This week’s Women in Fiction post comes from Dot Dannenberg. Dot is an extremely talented writer and an editor at 1:1000. Please check out her 1:1000 pieces on our contributors page here. You’d be remiss skipping the 10-part West series (just saying).
Dot’s post below is one of my favorite pieces about books this year, because it’s whip-smart in its observations about teenagers, body image and self-consciousness, and two of my favorite books this year (go read them, for real).
At first glance, the female protagonists of two of this year’s hottest YA novels couldn’t be more different, aside from their boy names. Will (Willowdean) Dickson, in Julie Murphy’s Dumplin’, is an overweight Texas high schooler who upends her small town by entering a local beauty pageant. Theo (Theodora) Cartwright, in Brandy Colbert’s Pointe, is a recovering anorexic ballerina forced to face her past when her best friend’s kidnapper is finally caught.
These two seventeen-year olds seem to be on opposite ends of the spectrum in everything from race to BMI to the circumstances they face. In Pointe, the stakes are much higher than in Dumplin’–Theo’s unreliable narration swirls around the details of past and current loves while only skimming the surface of the darker things going on around her–sexual abuse, drugs, anger. Willowdean’s world is much softer. The darkest cloud in her life is her aunt, dead at thirty-five from obesity complications, who serves as both Willowdean’s guiding light and ghost of Christmas future.
I am not the target audience for young adult fiction starring seventeen-year-old girls. At times, I wanted both books to go deeper into the obsessive internal minds of these narrators, something I recall so clearly from adolescence, which is sadly missing from most YA fiction.
But I was impressed with how these two books about such different young women manage to capture a universal experience I do remember about being a teenage girl: when a boy wants to keep you a secret.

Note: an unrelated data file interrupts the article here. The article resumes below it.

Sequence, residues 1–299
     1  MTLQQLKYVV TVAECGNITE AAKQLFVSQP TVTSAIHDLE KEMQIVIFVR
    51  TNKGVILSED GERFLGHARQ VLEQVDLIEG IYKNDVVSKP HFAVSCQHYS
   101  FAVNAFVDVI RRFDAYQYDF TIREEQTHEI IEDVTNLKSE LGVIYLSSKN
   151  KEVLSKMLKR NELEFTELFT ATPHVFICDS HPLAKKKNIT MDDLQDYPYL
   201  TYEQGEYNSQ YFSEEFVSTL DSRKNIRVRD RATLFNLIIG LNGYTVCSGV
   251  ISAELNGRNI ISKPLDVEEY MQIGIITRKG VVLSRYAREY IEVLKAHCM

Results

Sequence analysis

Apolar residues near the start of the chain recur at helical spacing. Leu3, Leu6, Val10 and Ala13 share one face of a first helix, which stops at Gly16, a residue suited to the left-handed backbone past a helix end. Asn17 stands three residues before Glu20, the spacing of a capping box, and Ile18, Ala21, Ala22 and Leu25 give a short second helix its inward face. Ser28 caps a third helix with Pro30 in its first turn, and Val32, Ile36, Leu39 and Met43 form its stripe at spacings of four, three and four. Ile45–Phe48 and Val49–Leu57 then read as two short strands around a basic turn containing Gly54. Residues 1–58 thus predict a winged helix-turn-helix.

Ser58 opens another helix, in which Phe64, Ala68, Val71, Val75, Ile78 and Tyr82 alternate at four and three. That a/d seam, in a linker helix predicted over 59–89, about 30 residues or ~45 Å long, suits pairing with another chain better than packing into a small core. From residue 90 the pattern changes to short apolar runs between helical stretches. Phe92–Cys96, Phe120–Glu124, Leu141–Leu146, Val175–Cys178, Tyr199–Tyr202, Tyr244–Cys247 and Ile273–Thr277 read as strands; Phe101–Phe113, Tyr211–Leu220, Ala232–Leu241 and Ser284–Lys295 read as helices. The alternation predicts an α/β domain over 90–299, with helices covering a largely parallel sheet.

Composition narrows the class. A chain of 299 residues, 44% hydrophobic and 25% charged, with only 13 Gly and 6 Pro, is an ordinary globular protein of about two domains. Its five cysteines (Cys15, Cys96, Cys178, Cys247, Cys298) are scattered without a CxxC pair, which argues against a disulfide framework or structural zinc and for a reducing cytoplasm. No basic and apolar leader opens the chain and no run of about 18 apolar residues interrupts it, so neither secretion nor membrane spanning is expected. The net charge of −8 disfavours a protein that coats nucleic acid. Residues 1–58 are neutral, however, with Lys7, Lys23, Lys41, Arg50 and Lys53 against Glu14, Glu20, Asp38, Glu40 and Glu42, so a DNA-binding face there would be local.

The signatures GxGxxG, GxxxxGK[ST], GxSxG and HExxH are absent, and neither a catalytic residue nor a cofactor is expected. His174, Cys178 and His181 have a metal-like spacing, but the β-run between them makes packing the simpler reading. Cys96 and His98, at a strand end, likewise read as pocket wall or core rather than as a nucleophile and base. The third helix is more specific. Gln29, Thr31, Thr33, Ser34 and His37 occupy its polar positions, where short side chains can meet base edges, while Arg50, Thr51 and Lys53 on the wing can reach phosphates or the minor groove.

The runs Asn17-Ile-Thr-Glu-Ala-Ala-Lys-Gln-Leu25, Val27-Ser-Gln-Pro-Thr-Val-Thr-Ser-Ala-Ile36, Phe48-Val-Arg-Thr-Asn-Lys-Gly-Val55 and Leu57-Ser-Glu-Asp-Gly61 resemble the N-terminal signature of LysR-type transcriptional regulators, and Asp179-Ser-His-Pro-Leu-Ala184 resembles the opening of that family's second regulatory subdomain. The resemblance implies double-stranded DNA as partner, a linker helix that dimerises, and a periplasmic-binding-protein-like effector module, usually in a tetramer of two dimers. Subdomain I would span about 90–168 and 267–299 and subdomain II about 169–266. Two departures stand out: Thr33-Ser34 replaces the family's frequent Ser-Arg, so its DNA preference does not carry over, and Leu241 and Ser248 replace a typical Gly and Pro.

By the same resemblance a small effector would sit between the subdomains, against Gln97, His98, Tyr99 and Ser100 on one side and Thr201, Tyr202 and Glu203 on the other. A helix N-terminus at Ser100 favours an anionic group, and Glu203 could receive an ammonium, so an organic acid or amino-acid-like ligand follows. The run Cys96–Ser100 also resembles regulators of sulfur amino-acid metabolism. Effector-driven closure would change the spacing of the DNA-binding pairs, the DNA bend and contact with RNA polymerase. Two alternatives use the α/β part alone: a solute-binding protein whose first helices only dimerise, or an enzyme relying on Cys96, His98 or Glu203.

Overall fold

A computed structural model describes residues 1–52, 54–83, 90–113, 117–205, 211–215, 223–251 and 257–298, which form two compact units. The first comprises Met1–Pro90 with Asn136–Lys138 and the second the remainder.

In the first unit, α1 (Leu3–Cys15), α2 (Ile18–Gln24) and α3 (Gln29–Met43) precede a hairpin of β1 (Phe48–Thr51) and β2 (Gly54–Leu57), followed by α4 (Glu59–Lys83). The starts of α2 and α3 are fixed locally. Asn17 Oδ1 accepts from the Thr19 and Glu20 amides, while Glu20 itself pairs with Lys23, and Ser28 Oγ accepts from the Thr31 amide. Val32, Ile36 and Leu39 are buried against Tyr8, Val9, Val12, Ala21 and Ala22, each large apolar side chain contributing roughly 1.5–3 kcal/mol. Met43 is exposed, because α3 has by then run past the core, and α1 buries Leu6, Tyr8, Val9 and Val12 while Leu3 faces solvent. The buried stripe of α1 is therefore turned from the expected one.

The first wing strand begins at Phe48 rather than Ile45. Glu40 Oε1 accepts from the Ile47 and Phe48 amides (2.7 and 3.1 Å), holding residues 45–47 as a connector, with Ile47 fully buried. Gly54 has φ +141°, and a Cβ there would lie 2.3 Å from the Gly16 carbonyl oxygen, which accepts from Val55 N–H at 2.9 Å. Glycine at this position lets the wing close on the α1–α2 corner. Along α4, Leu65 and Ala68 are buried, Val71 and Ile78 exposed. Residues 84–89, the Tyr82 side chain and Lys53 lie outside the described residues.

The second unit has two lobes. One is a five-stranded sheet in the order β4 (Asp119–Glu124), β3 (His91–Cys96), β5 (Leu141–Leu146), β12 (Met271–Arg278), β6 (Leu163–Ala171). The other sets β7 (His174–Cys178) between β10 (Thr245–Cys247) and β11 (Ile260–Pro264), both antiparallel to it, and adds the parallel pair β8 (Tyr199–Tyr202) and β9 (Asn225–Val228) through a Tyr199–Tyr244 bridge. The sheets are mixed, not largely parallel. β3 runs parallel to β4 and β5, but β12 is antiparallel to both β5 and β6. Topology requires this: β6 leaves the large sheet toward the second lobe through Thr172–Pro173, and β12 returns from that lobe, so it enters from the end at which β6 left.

In Pointe, Theo entangles herself with a drug-dealing piano prodigy named Hosea. He understands her. He introduces her to feelings she didn’t know could exist. And, of course, he already has a girlfriend. Theo spends the book oscillating between refusing to be the secret and caving to Hosea’s advances, telling herself to have fun while it lasts–the rest of her life waiting to unravel in the wings.
I kept waiting for the reasoning behind Hosea’s secrecy to appear. Had he and his girlfriend been through some life-changing event? Was it about race, all along, because Theo is black?
But Colbert doesn’t take us there. Instead, we get the mundane truth of high school: high school boys don’t have real reasons. Hosea and his girlfriend have been together for two whole years, and at that age, longevity trumps everything, even self-actualization. Now that I read it, I see how accurate this is–how catastrophic the power-couple breakups at my high school tended to be. I remember the cutest boy at school holding my hand, then agonizing that his recently-dumped girlfriend of two years would be angry he was moving on so fast.
I even more directly relate to Willowdean in Dumplin’. Willowdean crushes hard on Bo, the cute boy she works with at a fast food restaurant. It’s clear from their banter that there’s a connection, but their romantic trysts always seem to take place in secret–behind dumpsters or parked near abandoned buildings. Willowdean almost can’t believe he’s into her, to such an extent that she doesn’t even tell her best girlfriend about her first kiss. And of course, in classic teenage boy style, Bo insists he can’t handle a relationship right now. Sure. That’s what they always say.
It’s taken me almost thirty years to re-write the narratives I told myself about growing up fat. The line I repeated–“boys just weren’t into me”–was a lie. Like Bo with Willowdean, boys were into me. They were just too ashamed to be the guy dating the fat girl. The internal battle between shame and longing rings clear and true in Dumplin’.
I wish I’d had books like Pointe and Dumplin’ when I was in high school. Watching Theo and Willowdean live through these experiences would have made me feel a little less crazy. I would have second-guessed myself less. And maybe I’d have learned a little sooner to speak up for the things I know I deserve.
Thanks for reading! What do you think of Theo and Willowdean?